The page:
Link of the Week 2009
November 2009:Week 3: Check out these cute origami dinosaurs. They were used by People Gas (natural gas delivery company) to show that paper bills were things of the past: go for e-billing instead. These dinosaurs were called Paperbillasaurus, Envelapatops, and Stampadactyl (Checkosaurus rex not shown).
This Link of the Week 2009 page is dedicated to cool origami links. The links can lead to web sites, youtube videos, news articles, or sightings where very interesting paper works are seen.
: If you are not familiar with the work of Joseph Wu, then feast your eyes on this origami dragon. It was made for Clorox (antibacterial wipes) and the title says: Be afraid germs, be very afraid”.See enlargement here
; original posting here
; or try your hand at folding origami dragons here
: Does this look like a regular McChicken sandwich from McDonalds? Well, look again, look very closely and you will see that the wrapper has an image of an origami chicken. Although this McChicken sandwich is only $1, it’s got an element of art hidden in it – you might even call it classy… or maybe that’s going too far. See original posting from GrubGrade
, or get instructions to fold this origami chicken here
October 2009:Week 4
: This article has been around since 2004, but it took me this long to discover it. In the 2004 Fashion Week in Sau Paulo (Brazil), designer, Jum Nanao, spent 700 hours painstakingly cutting, curling, pleating and manipulating paper into stunning dresses. Click here
to see the cage-like skirts, conical dresses, curled-paper collars, and lacy cut-outs to die for! Everything done in white paper and if that wasn’t enough, at the end of the runway show, the models lined up side by side and ripped their paper-dresses off.
: Sipho Mabona is making a spash, or should I say, he is the buzz on the net. Featured in Telegraph.co.uk
, Sipho says that this female praying matis took 20 hours of solid folding to complete. If you think that’s a long time, it takes him up to 6 months to design an origami model from scratch. If you want him to design something for you, it’ll cost you about 300 to 2,500 Swiss francs, or 1,500 Britsh pounds. See more of his fabulous artwork on his Flickr site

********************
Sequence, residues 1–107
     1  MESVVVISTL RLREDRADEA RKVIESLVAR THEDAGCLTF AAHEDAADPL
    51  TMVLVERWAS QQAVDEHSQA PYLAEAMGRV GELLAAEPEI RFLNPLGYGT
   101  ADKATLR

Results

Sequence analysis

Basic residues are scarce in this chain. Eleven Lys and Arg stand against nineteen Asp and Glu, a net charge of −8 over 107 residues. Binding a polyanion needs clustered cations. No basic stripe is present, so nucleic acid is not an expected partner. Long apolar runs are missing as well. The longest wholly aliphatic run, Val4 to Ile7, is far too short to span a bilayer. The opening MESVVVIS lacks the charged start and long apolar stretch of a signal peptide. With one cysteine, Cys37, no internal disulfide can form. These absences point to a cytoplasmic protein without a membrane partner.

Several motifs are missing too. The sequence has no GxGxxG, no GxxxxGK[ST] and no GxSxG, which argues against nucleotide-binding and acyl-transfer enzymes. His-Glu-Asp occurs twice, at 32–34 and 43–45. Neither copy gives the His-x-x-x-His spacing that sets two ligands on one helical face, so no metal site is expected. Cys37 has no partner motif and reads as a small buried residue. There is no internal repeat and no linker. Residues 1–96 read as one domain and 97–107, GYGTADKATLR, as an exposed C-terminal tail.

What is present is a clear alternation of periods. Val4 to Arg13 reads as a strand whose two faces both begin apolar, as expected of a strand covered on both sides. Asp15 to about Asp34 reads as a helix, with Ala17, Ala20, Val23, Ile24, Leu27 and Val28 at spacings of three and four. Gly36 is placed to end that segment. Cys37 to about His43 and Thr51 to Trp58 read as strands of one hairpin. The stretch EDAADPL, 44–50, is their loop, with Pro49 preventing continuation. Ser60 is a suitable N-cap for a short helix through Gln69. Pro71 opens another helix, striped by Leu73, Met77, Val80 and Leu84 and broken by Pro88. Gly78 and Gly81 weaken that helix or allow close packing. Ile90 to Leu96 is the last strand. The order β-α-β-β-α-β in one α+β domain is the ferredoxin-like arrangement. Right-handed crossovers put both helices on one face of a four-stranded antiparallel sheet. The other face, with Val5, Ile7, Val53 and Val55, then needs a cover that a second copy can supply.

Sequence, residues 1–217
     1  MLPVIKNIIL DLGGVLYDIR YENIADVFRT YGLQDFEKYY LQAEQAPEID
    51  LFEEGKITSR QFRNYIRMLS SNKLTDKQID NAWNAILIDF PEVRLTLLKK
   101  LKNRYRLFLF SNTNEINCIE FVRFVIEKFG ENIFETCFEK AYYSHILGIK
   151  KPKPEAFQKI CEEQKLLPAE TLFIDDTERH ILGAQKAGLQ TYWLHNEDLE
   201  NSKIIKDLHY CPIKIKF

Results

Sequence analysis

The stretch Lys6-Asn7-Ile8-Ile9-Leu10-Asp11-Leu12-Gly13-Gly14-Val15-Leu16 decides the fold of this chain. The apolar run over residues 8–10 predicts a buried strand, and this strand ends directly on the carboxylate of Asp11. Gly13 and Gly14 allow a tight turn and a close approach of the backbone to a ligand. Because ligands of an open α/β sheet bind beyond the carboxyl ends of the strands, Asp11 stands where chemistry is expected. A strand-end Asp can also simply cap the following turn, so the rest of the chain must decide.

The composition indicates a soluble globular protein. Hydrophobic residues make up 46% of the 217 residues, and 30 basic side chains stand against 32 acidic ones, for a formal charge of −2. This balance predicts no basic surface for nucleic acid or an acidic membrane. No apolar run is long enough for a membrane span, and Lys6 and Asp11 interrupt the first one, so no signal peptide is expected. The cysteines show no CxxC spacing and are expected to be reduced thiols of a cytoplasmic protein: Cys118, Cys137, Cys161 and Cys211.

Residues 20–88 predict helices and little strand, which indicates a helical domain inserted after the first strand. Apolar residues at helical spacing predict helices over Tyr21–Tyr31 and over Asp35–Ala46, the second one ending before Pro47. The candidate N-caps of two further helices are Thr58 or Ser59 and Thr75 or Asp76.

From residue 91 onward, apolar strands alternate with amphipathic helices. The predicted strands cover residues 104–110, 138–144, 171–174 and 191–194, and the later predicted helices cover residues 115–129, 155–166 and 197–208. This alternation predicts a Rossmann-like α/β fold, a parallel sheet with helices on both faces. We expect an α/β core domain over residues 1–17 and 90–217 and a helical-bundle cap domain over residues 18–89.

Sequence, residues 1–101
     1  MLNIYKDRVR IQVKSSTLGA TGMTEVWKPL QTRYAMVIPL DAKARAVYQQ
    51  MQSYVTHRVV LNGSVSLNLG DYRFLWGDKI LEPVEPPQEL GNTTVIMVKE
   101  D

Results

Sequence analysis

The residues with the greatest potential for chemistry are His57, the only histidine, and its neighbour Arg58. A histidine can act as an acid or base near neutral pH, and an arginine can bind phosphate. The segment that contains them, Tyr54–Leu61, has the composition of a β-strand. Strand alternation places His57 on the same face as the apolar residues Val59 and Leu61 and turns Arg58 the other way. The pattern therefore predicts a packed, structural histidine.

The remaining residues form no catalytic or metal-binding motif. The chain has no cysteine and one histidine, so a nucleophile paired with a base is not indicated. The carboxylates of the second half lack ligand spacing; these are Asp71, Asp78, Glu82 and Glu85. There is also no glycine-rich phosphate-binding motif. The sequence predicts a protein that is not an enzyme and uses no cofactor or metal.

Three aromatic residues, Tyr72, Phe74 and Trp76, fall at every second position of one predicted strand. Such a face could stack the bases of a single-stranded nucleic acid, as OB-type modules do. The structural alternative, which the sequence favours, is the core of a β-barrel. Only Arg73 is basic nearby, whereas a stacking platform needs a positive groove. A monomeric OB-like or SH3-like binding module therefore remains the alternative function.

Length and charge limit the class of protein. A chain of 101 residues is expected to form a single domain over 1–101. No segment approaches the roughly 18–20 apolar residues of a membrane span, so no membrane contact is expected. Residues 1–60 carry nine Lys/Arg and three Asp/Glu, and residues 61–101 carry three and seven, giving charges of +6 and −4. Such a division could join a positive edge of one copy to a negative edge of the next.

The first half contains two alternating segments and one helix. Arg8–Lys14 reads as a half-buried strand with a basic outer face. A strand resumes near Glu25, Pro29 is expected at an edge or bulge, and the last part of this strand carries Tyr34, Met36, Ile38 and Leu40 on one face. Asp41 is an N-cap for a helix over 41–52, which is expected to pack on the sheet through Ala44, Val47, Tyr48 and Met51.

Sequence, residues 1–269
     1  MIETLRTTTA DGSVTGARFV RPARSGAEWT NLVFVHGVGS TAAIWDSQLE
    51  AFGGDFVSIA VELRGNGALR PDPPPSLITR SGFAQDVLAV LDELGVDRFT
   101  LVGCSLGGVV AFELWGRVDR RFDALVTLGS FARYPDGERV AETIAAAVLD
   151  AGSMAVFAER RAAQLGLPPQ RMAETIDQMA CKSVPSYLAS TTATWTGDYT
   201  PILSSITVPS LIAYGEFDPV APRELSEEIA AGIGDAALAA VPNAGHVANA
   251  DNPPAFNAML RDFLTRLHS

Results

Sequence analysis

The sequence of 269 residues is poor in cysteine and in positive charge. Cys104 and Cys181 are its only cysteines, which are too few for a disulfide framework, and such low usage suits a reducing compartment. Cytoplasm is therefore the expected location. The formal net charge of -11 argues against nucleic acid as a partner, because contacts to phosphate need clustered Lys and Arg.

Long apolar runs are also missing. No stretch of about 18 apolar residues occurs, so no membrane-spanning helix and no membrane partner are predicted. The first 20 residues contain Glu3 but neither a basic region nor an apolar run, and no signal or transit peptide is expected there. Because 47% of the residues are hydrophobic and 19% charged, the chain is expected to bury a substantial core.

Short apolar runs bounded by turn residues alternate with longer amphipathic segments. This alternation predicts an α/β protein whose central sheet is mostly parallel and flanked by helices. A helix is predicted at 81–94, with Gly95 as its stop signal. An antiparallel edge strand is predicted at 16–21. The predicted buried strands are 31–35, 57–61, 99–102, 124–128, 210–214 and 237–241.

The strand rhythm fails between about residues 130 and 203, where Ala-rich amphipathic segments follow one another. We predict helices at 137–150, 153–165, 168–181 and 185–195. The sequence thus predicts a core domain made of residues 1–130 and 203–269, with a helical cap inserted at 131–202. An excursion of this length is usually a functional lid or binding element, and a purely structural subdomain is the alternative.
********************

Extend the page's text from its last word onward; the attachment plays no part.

. I’m not much of an insect fan myself, but I do love his inflatable puffer fish (fugu) which Sipho has also chosen as his logo.
: If you like tea and origami, then this link is the link for you
! Imagine tea leaves contained in this origami-bird shaped tea-bag. It’s nothing short of sublime. Designed by Nathalia Ponomareva of Russia, these are not commercially available yet. Enlarge photo
: The October 2009 issue of National Geographic has a 3 page spread on origami. The article talks about the unexpected uses of origami such as in the folding of space telescopes and in the design of stents. Thanks to Robert Lang, Erik Demaine, and other scientists, the ancient art of paper folding is fast becoming a modern art of science and math. See National Geographic article here
. See more scientific uses of origami here
September 2009:Week 4
: On a larger scale, Deb Pun Discoe organized the folding and assembly of a “1000 Peace Crane Banner”. This colorful banner was paraded around the 3rd annual Peace Day Parade and Festival in Hawaii. The goal of the Peace Banner is to celebrate and promote peace, compassion, and awareness of global interdependence. Wow, that does sound like something we should repeat next year. Enlarge image here
, or go to Deb’s web site here
: In honor of International Day of Peace
(September 21, 2009), Keith Garner organizes origami cranes, swans, and flapping birds into the shape of an undulating flag of the United States of America. Such a beautiful display with approximately 1040 origami models: all folded by 5th graders! Go to Keith’s blogspot